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Robyn: The Best Thing In Pop Today

September 29, 2010

I’ve found something to like about nearly all of the (legal) pop singers making headlines today. It’s definitely not my favorite style of music, but thanks to nearly constant exposure by Mrs. theGeek, I catch glimpses of talent in the music made by Lady Gaga, Katy Perry, Kylie Minogue, and (to a lesser extent) Lily Allen and Pink. They all have their strengths and weaknesses and are certainly not to be blithely written off as entirely disposable.

But there is one artist. One who stands head and shoulders above her contemporaries. One who displays a level of talent, panache, and sincerity that cannot be matched by these other “divas.” One who eschews visual affectations and generally lets the music speak for itself. An underdog whose long, slow climb to where she is today has given her the balance and patience she’ll need to survive into what is sure to be a long and successful career. She is Robyn, a 31-year-old pop artist originally from Sweden.

RobynYou may remember her from a mild hit in the late 90’s called “Show Me Love,” a pretty standard dance-pop song from the Age of Britney. It was…okay, with a very Calvin-Klein-ad video, but not particularly notable despite being a Billboard Top 10 track in 1997.

Robyn released two albums in Europe between 1998 and 2004 with virtually no US distribution. After a disagreement over artistic direction led to a split with Jive Records, Robyn started her own label, Konichiwa Records, and has been releasing albums and singles steadily since 2005. Her new material has a decidedly electro-pop sound, more aggressive than the dance-pop of Britney and Christina, less peek-a-boo than Kylie, bringing together elements of house and hip-hop.

Her comeback (for lack of a better word) album was 2005’s Robyn. It’s hard to overstate the, well…understatedness of the production. There’s a lot of air in these tracks, eschewing the slick, lush production of her peers. Many songs are based on simple drum beats and a single synthesizer hook. The album opens with brassy tracks like “Konichiwa Bitches” and a cover of the Teddybears’ “Cobrastyle.” Then it moves on to subtler fare with clever lyrics like the I’m-too-much-for-you dis of “Handle Me” and the ultra-sarcastic “Bum Like You.” These are all great tracks, but then you hit songs like “Be Mine” and “With Every Heartbeat.” These two songs are prime examples of what sets Robyn apart. There is an adventurous, damn-the-torpedoes riskiness to the production here. (In the latter case, it is largely due to a collaboration with Swedish electr0- and synthpop producer Kleerup, whose eponymous 2008 debut is also quite good.) “Be Mine” opens with a pulsing, “Eleanor Rigby” cello pitted against Robyn’s vocals until the simple, distinctly electronic kick-kick-snare joins up halfway through the first verse. But again, the song never clears a certain level of bombast. Where Kylie or Madonna might be inclined to crank everything to 11 during the chorus (just to let the listener know that it is, in fact, the chorus), Robyn’s instinct, in most cases, is to dial it back or at least maintain the same level of intensity, as though she means for the change in lyric or melody to delineate the different sections of the song. It’s an approach that sounds fresh to these tired ears.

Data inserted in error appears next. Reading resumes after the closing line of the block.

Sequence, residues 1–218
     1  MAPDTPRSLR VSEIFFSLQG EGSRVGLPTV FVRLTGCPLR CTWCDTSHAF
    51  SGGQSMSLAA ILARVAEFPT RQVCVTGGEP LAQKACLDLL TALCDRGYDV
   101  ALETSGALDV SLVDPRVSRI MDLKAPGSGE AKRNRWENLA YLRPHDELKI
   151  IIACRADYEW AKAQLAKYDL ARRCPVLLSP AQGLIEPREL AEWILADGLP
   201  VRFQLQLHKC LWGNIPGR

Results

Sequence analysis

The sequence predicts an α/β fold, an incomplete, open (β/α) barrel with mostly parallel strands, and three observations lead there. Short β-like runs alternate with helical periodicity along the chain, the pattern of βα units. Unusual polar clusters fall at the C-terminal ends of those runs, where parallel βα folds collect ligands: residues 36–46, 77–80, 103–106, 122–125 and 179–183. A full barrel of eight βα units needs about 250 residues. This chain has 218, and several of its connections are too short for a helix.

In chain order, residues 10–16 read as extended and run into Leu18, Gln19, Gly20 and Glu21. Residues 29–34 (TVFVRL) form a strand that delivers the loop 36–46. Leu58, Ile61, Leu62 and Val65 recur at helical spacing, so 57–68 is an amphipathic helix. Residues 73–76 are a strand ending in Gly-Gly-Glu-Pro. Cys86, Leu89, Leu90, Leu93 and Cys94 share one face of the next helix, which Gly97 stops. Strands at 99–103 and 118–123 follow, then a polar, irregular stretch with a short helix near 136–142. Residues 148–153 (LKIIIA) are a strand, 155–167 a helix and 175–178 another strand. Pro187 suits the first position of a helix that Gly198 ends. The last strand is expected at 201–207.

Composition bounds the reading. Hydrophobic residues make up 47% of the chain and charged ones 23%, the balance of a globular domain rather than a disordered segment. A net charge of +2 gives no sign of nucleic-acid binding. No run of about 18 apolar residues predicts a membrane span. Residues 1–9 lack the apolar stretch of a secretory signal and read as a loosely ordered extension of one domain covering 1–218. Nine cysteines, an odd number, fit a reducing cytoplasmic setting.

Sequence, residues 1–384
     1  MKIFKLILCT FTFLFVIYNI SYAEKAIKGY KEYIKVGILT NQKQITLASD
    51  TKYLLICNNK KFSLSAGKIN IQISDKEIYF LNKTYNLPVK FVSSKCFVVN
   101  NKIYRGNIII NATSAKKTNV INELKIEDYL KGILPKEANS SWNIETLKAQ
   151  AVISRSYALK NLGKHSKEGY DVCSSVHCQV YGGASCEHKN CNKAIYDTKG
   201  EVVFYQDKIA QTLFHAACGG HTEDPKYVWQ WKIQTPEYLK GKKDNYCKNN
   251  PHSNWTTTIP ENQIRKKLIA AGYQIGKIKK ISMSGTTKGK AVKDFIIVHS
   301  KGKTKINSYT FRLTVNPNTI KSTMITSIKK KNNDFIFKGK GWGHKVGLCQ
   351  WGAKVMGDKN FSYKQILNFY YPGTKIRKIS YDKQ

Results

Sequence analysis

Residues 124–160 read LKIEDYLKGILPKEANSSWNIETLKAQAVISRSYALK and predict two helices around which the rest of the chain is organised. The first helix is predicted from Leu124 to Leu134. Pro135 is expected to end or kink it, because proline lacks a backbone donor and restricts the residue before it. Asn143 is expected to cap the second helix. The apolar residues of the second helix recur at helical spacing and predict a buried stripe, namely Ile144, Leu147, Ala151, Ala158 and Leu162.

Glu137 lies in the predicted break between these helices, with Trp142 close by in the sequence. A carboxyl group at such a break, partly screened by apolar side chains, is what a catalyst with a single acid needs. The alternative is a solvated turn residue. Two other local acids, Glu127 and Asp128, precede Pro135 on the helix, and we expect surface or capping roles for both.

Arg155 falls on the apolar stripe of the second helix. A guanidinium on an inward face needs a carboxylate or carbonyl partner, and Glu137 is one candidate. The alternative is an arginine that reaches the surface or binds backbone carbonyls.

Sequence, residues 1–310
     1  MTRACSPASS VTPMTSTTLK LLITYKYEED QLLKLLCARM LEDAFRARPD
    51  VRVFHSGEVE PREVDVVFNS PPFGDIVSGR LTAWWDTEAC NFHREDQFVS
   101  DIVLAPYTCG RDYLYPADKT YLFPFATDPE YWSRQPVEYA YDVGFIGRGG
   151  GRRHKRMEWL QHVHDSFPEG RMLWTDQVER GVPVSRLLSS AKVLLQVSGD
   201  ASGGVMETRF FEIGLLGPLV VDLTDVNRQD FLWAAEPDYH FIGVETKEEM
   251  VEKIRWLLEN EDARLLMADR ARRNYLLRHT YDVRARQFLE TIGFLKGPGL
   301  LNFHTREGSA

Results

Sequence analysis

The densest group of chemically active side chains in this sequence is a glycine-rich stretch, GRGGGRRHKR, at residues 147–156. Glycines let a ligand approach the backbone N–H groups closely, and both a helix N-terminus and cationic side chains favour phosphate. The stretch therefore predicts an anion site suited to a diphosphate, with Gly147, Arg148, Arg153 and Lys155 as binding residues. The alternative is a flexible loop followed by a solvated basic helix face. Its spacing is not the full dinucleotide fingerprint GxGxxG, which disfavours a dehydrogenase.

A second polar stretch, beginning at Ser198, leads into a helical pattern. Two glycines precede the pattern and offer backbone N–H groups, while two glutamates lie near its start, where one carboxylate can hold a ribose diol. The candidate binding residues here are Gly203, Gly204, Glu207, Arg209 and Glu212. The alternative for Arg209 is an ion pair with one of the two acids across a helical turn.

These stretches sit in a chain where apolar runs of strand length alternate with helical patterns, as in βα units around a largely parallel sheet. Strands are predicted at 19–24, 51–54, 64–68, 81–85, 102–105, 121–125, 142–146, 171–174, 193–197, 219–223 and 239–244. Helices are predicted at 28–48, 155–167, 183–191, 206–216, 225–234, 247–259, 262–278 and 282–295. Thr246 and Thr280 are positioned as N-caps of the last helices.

After riding the success of the Robyn LP for the requisite number of years, Robyn announced in early 2010 that her new material was going to be released in relatively quick succession on a trio of mini-albums to be named Body Talk (Parts 1, 2, and 3). Part 1 was released in the US on June 15, 2010 and Part 2 was released earlier this month.

I’m happy to report that I have listened to Body Talk Part 1 at least once a day since I got it. Apart from the opening track, “Don’t Fucking Tell Me What To Do” (a forgivable misstep), the whole record is wonderful. “Fembot” is a return to the brashness of the Robyn LP’s first few tracks. The song sports a clever rhyming scheme clearly inspired by hip-hop and kicks a playful, vocoded chorus, “My system’s in mint condition / The power’s up on my transistors / Working fine, glitches / Plug me in and flip some switches / Pull up in docking position / Pop the hatch and hit ignition / B-B-Burn out, baby / Ready for demolition.” Tracks like “Dancing On My Own” and “None of Dem” are clear club favorites, the latter featuring a collaboration with Norwegian techno virtuosos Röyksopp. Hell, I even like the nü-reggae groove of “Dancehall Queen.” The lady sure knows how to write a catchy chorus.

Body Talk Part 1 features an acoustic (vocal & piano) version of “Hang With Me,” a paean to the much maligned concept of the “friend zone.” In this genre, tracks like this are the true test of an artist’s mettle. Robyn can really sing. She has performed stripped-down, acoustic arrangements of many of her songs on various talk shows and awards presentations, and has released an EP of similar arrangements of songs from Robyn called The Cherrytree Sessions. What’s notable about “Hang With Me” is that a full electro-pop version of the song is available on Body Talk Part 2, and I am hard pressed to name which version I like better.

(The little smile at 2:33 just kills me.)

On Part 2, Robyn is definitely letting her Euro flag fly; these tracks have a distinctly European dance club feel. The exultant “In My Eyes,” head-bobber “Include Me Out,” and pulsing, Pet Shop Boys-esque “Love Kills” feature some delicious synth bleeps and bloops.

I wish I’d had more time with Part 2 before I started writing this review so I could give a more in-depth analysis. But I love what I’ve heard so far. If you need a pop fix and want to hear someone at the top of their game, check out Robyn.

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